My name is Kim, and I’m a Pinterestaholic . . .
Well, maybe it’s not THAT serious, but I do love Pinterest. It’s simply the best way to keep online recipes, photos, tips, and craft ideas categorized—even the ones I think I’ll never actually get around to using!
In addition to pinning salad recipes, organizational tips, and ideas for a future kitchen remodel, I’ve been collecting scads of writing ideas, too. Here’s a toe-dip in the water of great writing ideas from Pinterest:
1. Paint Chip Contractions
Who knew you could have so much fun with paint chips? This Paint Chip Contractions activity will help your kids practice forming contractions.
Isn’t this the most fun? It’s a Printable Boggle Board! Boggle makes an outstanding pre-writing game for all ages, from elementary through high school. It’s a great way to dust off the cobwebs and get ready for writing time.
3. Paint Chip Synonym Garden
Use colorful paint chips in graduated hues to make a Paint Chip Synonym Garden. It’s a hands-on vocabulary-building tool that keeps dull or repeated words at a minimum. This is ideal for middle-schoolers, but you can certainly use it with younger students as well.
4. Traffic Light Transitions
Make a Traffic Light Transitions poster. This terrific visual will remind children to use transition words to connect sentences and paragraphs.
5. Journal Jar
Journaling is another way to loosen stuck thoughts and ideas. Make this cute Journal Jar, which includes a link to colorful, printable topics you can cut out and add to the jar. Children will have fun picking out topics, whether you do daily, bi-weekly, or weekly journaling. For added fun, let them give input about what they’d like to write about!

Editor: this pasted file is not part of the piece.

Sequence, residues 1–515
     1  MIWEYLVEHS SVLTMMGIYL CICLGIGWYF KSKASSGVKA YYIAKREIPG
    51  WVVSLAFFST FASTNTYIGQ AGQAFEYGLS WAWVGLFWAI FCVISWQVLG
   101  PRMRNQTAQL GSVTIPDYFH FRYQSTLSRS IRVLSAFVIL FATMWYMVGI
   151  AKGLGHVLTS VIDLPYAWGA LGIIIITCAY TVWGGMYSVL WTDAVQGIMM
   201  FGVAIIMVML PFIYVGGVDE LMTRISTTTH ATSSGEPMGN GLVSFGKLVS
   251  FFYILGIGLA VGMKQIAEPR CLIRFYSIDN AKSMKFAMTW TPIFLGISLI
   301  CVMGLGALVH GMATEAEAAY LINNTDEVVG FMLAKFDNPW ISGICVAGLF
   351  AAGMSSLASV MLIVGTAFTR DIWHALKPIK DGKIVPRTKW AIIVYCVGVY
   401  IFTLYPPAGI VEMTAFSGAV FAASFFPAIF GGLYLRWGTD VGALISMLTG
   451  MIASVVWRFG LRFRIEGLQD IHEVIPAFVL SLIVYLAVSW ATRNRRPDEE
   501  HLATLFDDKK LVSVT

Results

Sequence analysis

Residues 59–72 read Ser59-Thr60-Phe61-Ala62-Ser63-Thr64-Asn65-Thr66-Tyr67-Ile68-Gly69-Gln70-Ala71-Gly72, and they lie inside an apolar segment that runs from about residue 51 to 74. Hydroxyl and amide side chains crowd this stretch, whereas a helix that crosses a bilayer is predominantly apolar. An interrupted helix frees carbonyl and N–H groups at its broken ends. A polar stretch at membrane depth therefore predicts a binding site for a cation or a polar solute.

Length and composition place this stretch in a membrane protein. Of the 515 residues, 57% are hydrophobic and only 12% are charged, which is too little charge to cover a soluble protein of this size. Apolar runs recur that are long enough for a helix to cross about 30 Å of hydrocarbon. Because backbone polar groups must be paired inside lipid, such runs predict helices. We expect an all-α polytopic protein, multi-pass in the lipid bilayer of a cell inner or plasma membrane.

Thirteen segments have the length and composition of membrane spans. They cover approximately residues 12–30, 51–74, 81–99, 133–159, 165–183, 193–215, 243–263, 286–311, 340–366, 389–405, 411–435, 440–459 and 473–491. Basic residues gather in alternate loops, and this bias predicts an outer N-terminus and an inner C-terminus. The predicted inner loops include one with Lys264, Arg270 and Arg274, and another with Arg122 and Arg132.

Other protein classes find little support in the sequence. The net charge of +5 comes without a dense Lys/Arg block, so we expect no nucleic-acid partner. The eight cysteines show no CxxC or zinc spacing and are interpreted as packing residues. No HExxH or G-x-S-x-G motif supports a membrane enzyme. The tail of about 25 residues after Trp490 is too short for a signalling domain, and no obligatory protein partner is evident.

6. Venn Diagrams
When teaching children to compare and contrast, a Venn diagram is a useful tool. And when you add a kinesthetic dimension for your hands-on learners, it’s even better! Here’s a Paper Plate Venn Diagram that’s been used to compare and contrast two different versions of “The Princess and the Pea.” You can really run with this idea in so many ways!
7. Writing a Strong Lead
Students of all ages can struggle with how to introduce a topic or start a story. I love this free printable poster I found through Pinterest: What Makes an Effective Lead?
I’ve long been an advocate of list-making, so I especially love this link to a great resource for printable lists, including book lists, lists of descriptive adjectives, and this list of strong verbs. Watch your children’s vocabulary soar!
Be sure to follow WriteShop’s Pinterest boards for more creative grammar and writing activities like these!
Have you been bitten by the Pinterest bug? Leave your link in the comments and I’ll be happy to follow you, too!
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